If there were a Fitbit to track Elinor Lipman’s witty observations in this novel, its number would be high—and this in spite of the fact that the life of heroine Faith is full of complexities, not all of them fun.
Working in fundraising at a New England school, Faith buys an affordable house. Why so cheap? The former owner apparently let three husbands tumble down the stairs to their deaths—and also seemingly buried twin babies. Then Faith’s fiancé, Stuart, a New Age narcissist walking across the country, divulges his many new attachments through braggy Facebook posts, revealing limited faithfulness. Meanwhile, Faith’s father has separated from her mother, becoming a starry-eyed artist who fudges the style of Chagall and others to create custom paintings. Faith clashes with his mistress, as well as with her trusty comrade Nick’s ex and the dotty, now-ancient woman who formerly owned her home.
There’s a tone of wry amusement even in Lipman’s portrayal of difficult characters, including Faith herself, who aims bold aggressions toward her many foes. Significantly, though, the character of Nick, Faith’s co-worker, evolving pal and secret admirer, shares a subtle synchronicity with our author. Like Lipman, he’s a sardonic bystander, observant and appealing. Turpentine symbolizes the house’s poisons, but many characters, mysteries and glittering dialogue bring on surprising merriment.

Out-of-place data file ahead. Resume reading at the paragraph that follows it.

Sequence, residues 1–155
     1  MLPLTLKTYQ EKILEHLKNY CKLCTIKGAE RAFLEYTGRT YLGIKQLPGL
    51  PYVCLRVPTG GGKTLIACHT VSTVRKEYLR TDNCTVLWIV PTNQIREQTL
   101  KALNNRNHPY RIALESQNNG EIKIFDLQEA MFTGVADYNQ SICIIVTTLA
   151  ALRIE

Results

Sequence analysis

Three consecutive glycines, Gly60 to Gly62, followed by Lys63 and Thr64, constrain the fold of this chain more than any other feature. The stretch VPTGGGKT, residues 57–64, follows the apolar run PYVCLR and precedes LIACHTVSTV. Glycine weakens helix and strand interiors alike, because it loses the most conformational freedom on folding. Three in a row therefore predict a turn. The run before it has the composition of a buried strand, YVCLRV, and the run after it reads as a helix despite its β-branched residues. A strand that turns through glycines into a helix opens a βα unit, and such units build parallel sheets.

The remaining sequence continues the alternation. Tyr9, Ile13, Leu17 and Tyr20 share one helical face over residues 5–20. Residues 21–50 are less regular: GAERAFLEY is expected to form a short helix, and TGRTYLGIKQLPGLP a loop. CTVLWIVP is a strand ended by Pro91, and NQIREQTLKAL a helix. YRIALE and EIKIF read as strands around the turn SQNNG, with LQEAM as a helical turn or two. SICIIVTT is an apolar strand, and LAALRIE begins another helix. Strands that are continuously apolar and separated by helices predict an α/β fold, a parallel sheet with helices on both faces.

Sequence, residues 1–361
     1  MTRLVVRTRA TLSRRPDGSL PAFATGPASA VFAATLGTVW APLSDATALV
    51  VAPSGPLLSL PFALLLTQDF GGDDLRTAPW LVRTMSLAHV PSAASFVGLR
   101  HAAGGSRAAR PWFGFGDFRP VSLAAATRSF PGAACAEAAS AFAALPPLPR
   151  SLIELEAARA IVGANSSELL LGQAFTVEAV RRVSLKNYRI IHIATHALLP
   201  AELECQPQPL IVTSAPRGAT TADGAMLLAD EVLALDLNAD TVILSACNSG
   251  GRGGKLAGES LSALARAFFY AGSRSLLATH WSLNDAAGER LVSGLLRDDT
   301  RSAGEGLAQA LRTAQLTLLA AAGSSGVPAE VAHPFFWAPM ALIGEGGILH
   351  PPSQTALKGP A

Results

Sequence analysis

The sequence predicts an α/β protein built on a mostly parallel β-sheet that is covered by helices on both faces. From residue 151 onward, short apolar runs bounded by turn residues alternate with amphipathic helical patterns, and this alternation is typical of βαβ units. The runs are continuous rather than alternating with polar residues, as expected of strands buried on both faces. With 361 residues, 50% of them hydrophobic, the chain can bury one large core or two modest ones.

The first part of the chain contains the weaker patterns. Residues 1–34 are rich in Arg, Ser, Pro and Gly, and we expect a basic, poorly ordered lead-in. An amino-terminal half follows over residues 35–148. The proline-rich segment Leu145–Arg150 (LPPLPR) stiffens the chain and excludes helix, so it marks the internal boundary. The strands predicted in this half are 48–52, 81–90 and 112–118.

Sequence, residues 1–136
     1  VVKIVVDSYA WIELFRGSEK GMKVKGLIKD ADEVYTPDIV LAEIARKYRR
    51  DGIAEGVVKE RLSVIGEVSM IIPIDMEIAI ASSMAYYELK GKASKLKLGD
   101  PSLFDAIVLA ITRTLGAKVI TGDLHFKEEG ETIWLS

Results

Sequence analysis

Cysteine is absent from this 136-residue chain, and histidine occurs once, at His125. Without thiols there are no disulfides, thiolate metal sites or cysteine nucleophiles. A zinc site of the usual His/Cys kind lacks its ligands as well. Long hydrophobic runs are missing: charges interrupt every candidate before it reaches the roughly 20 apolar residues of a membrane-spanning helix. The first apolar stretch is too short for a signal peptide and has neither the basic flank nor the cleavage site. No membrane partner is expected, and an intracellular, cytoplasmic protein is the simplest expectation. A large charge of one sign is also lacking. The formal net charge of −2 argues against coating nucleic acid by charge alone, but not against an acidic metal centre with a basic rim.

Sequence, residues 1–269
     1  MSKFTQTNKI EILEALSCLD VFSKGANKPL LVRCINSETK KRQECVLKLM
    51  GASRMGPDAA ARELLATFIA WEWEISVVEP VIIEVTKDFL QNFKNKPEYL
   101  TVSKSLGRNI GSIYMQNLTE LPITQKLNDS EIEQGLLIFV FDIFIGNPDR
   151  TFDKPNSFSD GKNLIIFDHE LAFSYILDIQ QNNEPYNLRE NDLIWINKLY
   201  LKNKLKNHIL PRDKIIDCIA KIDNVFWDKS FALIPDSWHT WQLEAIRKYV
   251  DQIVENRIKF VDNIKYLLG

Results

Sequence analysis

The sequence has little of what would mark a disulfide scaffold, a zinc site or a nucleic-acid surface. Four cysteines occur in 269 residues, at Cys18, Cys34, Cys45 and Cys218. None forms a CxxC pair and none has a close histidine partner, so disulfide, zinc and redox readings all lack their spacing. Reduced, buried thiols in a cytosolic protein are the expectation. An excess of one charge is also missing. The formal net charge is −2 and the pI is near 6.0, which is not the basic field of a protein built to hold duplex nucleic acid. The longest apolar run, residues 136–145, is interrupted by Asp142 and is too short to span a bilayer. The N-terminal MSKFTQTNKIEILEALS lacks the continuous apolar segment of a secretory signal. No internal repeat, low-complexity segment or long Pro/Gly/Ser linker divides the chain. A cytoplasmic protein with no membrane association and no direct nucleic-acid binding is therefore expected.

From Page 158: Why did I get the sense that it had been dictated by Tracy? Maybe it was the use of full sentences and its pedantic tone. You’re right, Faith. It wasn’t the easiest lunch for me, either. I need some time to settle in at Tracy’s & to let our conversation at lunch metabolize. I’ll be in touch.
Let our conversation metabolize? What did that mean? I’m the one who will be in touch when I feel like it. I, the professional scribe rarely at a loss for words on paper or screen be they personal or professionally shopworn, did not write back.